His comments weren't in response to the Trayvon Martin case (which we did not share with him, full disclosure) but in response to learning about Civil Rights and MLK in school. We had never had a conversation about race before because we wanted to keep him in the "love and acceptance" bubble that many of you mentioned in yesterday's comments.
As most of you know, we live in Los Angeles. Our friends are a melting pot of different cultures and religions and races and sexual orientations. Archer's included. He had no idea that segregation occurred, that there was a time (in very recent history!) when he would have attended a different school than his best friends because of his/their difference in skin color. That blew his mind and broke his heart because of course it did. Of course!
I shared Archer's commentary in yesterday's post because like many of our conversations these last few days, his words were coming from a place of concern, empathy, frustration and disenchantment. Feelings I can certainly relate to at the moment and I thought, perhaps you guys could, too.
As I said in the comments of yesterday's post, children say aloud the things we often feel but refuse to say. And what he said (as it so often is) was a wake-up call to me that we needed to have a conversation, not only about racial injustice but about how far we've come as a society and how far we still must go.
Sometimes it IS an embarrassment of riches to be on the privileged side of society. We are taught that everyone is equal but is everyone TRULY treated equally? (This is a great post by my friend Kristen if you haven't already read it.)
Just because race is a non-issue in your household, doesn't mean it isn't an issue. Just because racism isn't your problem, doesn't mean it isn't OUR problem.
Anyway, I wanted to include some of your comments, which I thought might be helpful for those of you trying to navigate this topic with your kids. Because we HAVE NO CHOICE but to navigate this topic with our kids. Racial injustice is a large part of our history (and present, unfortunately). It's taught in school (as well it should be) and we must know how to to respectfully broach these issues/topics/truths with our children.
***Something I think might be a wonderful resource to you is the material that's out there on how to be an ally (googling that phrase and the word racism for gobs of resources). I think that, especially with children, we have to talk not only about what's hard in the world, but about the ways that we can help work to make it better. And white children need to learn how to be allies to people of color (POC) in the struggle against structural, institutionalized racism, because oppressed people should not carry that burden alone. Learning to be an ally is a process of learning when to speak out, learning not to expect POC to educate you on issues of racism, and learning how to not make something about you. - Amelia
I grew up going to probably about 90% African American public schools in Detroit as a middle class, shy white girl, and I often felt excluded, sometimes based on race (not maliciously usually so much as kids tendency to stick to the familiar) - sometimes not based on race, of course. Nevertheless, I never once was made to feel that I was in any way inferior or that there was a single reason that I wouldn't be able to do anything in the world I set my mind to, which is partially about great parenting, but I really believe is in large part ingrained in all Americans from early childhood, that white people have all the doors open to them, where other groups need to try busting the door down. Reading the part of Malcolm Gladwell's Blink about racial priming and how African American students would perform significantly more poorly on tests when simply asked what their race is was a real eye opener. It's not that I feel like white people should go around feeling guilty all the time, but making a real effort to stare privilege in the face, acknowledging that it exists, and keeping it in the front of one's mind when making all the little decisions and having the individual conversations that make up one's interactions with society seems to me a civic duty. - Emily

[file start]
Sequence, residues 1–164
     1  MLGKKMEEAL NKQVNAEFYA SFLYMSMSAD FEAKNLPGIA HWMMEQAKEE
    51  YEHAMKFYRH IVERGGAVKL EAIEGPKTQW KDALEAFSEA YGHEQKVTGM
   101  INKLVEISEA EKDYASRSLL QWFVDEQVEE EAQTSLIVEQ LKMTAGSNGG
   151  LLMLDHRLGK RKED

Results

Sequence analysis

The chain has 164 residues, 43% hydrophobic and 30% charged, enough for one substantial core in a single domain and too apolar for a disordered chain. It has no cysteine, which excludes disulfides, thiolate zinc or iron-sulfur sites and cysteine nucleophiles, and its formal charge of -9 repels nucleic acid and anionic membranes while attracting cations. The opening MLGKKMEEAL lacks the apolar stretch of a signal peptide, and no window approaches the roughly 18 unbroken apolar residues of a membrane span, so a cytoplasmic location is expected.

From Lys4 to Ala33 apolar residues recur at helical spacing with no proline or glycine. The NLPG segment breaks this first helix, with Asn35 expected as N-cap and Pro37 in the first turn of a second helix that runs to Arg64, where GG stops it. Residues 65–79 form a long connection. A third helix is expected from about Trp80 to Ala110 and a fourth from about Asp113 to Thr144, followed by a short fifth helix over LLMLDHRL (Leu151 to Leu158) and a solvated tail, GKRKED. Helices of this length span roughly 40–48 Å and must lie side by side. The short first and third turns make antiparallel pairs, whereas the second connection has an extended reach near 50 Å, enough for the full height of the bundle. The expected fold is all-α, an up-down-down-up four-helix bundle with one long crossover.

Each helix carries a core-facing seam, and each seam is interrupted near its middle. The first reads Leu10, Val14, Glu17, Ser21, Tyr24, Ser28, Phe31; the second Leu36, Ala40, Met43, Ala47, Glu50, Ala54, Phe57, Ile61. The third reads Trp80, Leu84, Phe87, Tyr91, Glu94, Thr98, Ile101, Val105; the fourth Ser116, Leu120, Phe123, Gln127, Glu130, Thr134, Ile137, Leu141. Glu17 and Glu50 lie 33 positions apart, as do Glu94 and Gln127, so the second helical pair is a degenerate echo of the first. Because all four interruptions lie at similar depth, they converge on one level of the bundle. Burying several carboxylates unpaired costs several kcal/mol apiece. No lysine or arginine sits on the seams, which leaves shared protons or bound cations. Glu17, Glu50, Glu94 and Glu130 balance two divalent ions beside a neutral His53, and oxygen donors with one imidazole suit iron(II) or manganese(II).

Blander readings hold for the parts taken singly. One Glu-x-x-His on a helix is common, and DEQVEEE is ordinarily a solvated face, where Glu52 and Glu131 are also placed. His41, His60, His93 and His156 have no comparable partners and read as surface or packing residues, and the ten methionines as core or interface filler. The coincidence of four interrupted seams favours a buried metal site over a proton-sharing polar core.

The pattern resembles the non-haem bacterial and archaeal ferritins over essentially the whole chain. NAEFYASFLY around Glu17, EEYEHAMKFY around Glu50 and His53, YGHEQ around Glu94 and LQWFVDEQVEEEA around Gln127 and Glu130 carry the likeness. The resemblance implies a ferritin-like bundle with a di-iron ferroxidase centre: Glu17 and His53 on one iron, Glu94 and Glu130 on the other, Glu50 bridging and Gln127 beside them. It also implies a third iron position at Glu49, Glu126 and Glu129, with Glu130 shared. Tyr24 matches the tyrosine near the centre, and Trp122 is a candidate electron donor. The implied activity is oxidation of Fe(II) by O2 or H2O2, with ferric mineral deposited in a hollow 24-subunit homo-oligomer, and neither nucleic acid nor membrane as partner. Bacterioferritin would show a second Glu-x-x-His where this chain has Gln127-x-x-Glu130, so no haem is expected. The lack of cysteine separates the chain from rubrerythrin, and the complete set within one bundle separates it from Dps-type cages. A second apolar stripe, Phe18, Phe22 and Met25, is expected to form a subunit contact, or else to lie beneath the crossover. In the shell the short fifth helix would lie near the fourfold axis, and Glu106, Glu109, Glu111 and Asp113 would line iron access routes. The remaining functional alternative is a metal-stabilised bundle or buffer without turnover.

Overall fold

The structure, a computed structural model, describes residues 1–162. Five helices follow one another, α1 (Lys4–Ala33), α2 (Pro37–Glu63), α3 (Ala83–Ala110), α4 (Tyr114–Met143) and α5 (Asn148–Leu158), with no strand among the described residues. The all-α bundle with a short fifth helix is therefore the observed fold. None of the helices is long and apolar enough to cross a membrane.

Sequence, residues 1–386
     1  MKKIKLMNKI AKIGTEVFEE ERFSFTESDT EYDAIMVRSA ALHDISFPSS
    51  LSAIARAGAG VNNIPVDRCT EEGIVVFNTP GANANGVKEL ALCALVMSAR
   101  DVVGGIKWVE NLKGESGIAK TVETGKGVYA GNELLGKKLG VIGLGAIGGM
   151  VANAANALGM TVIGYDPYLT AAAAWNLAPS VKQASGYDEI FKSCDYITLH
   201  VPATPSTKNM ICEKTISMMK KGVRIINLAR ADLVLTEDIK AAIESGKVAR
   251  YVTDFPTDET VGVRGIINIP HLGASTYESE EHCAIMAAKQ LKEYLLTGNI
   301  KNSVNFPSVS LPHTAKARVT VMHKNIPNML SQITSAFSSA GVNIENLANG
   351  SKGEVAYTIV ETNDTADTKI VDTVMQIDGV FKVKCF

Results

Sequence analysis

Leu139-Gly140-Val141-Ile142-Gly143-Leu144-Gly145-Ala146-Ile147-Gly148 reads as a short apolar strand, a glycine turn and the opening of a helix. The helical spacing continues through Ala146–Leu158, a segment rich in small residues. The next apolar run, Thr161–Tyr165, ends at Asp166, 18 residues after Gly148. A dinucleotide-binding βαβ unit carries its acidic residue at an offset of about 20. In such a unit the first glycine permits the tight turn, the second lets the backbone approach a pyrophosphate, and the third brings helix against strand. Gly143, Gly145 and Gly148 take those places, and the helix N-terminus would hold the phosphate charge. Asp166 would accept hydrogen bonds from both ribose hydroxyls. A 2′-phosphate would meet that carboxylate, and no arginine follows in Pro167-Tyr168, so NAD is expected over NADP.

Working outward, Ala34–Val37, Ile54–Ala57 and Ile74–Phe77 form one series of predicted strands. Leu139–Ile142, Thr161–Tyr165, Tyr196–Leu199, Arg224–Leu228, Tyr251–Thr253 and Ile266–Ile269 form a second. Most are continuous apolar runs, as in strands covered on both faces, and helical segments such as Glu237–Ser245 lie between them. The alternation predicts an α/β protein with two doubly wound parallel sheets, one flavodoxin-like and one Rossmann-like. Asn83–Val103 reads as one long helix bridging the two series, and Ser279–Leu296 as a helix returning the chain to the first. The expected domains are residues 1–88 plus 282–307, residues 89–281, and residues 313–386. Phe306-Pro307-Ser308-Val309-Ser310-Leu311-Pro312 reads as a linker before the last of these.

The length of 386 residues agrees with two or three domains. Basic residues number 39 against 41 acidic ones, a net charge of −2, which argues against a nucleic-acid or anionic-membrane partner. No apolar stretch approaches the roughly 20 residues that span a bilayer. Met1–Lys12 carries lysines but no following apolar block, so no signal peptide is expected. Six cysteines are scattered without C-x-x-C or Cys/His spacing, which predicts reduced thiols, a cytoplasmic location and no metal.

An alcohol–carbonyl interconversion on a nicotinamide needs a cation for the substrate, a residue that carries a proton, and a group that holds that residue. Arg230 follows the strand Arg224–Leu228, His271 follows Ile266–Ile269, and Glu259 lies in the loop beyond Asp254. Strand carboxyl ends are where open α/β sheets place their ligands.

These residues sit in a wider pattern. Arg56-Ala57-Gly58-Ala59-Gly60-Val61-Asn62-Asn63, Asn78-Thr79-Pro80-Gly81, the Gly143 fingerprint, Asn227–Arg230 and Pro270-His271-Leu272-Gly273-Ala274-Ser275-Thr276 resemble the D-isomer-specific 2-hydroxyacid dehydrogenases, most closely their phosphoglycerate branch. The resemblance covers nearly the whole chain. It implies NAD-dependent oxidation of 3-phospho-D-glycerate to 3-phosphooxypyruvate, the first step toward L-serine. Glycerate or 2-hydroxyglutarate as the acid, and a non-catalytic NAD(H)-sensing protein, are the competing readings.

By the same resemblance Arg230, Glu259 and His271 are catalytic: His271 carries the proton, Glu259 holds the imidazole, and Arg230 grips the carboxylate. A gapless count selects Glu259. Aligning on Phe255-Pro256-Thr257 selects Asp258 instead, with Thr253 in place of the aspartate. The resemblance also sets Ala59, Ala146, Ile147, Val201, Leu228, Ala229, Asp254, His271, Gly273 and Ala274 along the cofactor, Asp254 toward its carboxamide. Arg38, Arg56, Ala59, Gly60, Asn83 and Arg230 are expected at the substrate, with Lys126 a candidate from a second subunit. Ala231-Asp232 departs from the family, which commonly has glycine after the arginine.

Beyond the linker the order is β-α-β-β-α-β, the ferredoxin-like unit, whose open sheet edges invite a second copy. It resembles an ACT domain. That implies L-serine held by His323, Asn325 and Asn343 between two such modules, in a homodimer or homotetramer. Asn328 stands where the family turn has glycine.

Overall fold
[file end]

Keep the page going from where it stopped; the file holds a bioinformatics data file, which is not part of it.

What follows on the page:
This is super dorky, but I have a Harry Potter quote that (for me) speaks to this. Because I'm a white girl too...and it's hard to explain these nuances. In one of the books Harry is struggling with some things he's learned about his past and his potential legacy to an evil group. While he's turned down a chance to work with them, he's stressed by the fact that he's technically associated with them. He shares this with Dumbledore (the head master) and Dumbledores response is "It is our CHOICES that make us who we are." To me this is very profound. And perhaps the beginning of how you explain the past we are linked to as white people (or any other race really...we all have our crap to deal with I suppose). We've done some lame things as a race. But we as individuals aren't defined by that. - AE
Thanks to everyone for participating in this conversation.